This year marked my first Creating Change experience. Glorified as the nation's premiere LGBTQ conference and an attraction for the head honchos of nonprofits and the organizers who follow them, Creating Change hosts a plethora of workshops, social gatherings and networking opportunities for all us queers. The conference spanned five days, ending on February 2, and was held this year in Houston at the Hilton.
I arrived on Friday afternoon with just enough time to register and get a glimpse of what was going on for the short time that I was able to attend. Then I led a presentation representing QUEEROCRACY on HIV criminalization advocacy and activism along with Robert Suttle and Reed Vreeland from the Sero Project. Afterward, as I rushed from floor to floor to get my quick fix of gay mayhem during my limited free time, I was overwhelmed and uneased by the amount of rainbow flags and corporate sponsors--not to mention all the free pens given away by lesbian and gay police officers and sheriffs recruiting queer youngins, a move that felt like a poor and dangerous substitution for real radical change. Even many of the HIV/AIDS vendors seemed unable to come up with anything more creative and attention-grabbing than a bowl of condoms and some tootsie rolls strewn across the table.
After solemnly perusing the vendor aisles, I checked out the schedule of events for the remainder of the day, hoping to make it to a few other HIV-related events after my presentation before I had to leave the next morning. But to my surprise nearly all of the HIV/AIDS presentations were being given at the same time on the same day. If building a stronger HIV/AIDS coalition and broadening your knowledge of that movement were your main objectives, then Creating Change was not going to let that happen easily. Among the incredible sounding workshops that I missed were "Action Plans Addressing Late HIV Testing in Latino Communities," "Lesbian Activism and Leadership Within the HIV/AIDS Epidemic" and "I Like it Bareback: Black Gays, Barebacking and the New Blue Pill," just to name a few. Although I'm sad to have missed them, I'm grateful that these topics had a chance to re-enter LGBTQ movement dialogue.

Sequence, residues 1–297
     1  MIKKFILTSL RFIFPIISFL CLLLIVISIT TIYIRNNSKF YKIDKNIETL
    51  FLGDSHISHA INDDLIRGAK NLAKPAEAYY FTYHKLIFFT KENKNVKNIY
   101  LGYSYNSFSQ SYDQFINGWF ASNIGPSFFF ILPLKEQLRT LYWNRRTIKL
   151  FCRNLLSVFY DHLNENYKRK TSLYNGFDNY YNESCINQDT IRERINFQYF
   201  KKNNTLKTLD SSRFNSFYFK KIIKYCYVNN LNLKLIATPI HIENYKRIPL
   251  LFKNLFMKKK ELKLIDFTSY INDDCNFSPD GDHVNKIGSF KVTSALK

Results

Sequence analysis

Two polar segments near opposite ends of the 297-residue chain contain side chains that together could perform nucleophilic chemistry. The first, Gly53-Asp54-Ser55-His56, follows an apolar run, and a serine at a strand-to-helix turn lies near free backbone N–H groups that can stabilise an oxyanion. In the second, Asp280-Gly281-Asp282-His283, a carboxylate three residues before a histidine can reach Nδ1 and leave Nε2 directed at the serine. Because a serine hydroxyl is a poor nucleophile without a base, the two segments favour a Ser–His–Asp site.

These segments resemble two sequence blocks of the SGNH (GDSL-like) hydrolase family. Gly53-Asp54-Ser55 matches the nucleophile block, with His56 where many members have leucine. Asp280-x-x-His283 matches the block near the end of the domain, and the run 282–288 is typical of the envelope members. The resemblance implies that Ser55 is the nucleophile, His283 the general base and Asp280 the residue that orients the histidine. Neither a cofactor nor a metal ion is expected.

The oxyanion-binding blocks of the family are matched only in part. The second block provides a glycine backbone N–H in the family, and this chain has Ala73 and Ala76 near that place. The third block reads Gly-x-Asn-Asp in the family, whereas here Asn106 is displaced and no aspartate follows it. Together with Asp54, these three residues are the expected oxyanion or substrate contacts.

In the end, I was happy with the crowd of folks who came to our presentation on HIV criminalization, especially since it is rarely a topic that gets to sit at the table in such highly corporatized and neoliberal conferences as this one. I was happy that the HIV/AIDS community was also represented among the plenary speakers for the conference; these included Phil Wilson, president and CEO of the Black AIDS Institute, and Michael Kaplan, president and CEO of AIDS United.
My advice for Creating Change 2015 would be to make more room for the grassroots and give HIV/AIDS a proper and much more welcoming reintroduction into the minds of LGBTQ activists young and old alike.